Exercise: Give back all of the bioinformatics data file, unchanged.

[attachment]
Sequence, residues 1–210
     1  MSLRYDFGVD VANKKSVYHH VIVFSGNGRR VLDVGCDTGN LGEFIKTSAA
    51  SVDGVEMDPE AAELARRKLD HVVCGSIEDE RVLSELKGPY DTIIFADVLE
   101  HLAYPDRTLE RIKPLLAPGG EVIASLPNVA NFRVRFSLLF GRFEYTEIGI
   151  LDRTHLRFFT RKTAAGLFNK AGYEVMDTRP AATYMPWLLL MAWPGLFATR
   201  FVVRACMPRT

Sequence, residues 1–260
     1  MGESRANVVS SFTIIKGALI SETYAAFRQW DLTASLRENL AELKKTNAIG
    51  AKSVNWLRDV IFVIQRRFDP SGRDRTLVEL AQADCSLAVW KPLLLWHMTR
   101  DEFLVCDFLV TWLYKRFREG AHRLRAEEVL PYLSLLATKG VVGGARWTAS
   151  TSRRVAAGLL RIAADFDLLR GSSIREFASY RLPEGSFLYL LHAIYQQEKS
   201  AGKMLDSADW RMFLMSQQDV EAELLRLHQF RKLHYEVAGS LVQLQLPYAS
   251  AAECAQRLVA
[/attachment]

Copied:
Sequence, residues 1–210
     1  MSLRYDFGVD VANKKSVYHH VIVFSGNGRR VLDVGCDTGN LGEFIKTSAA
    51  SVDGVEMDPE AAELARRKLD HVVCGSIEDE RVLSELKGPY DTIIFADVLE
   101  HLAYPDRTLE RIKPLLAPGG EVIASLPNVA NFRVRFSLLF GRFEYTEIGI
   151  LDRTHLRFFT RKTAAGLFNK AGYEVMDTRP AATYMPWLLL MAWPGLFATR
   201  FVVRACMPRT

Sequence, residues 1–260
     1  MGESRANVVS SFTIIKGALI SETYAAFRQW DLTASLRENL AELKKTNAIG
    51  AKSVNWLRDV IFVIQRRFDP SGRDRTLVEL AQADCSLAVW KPLLLWHMTR
   101  DEFLVCDFLV TWLYKRFREG AHRLRAEEVL PYLSLLATKG VVGGARWTAS
   151  TSRRVAAGLL RIAADFDLLR GSSIREFASY RLPEGSFLYL LHAIYQQEKS
   201  AGKMLDSADW RMFLMSQQDV EAELLRLHQF RKLHYEVAGS LVQLQLPYAS
   251  AAECAQRLVA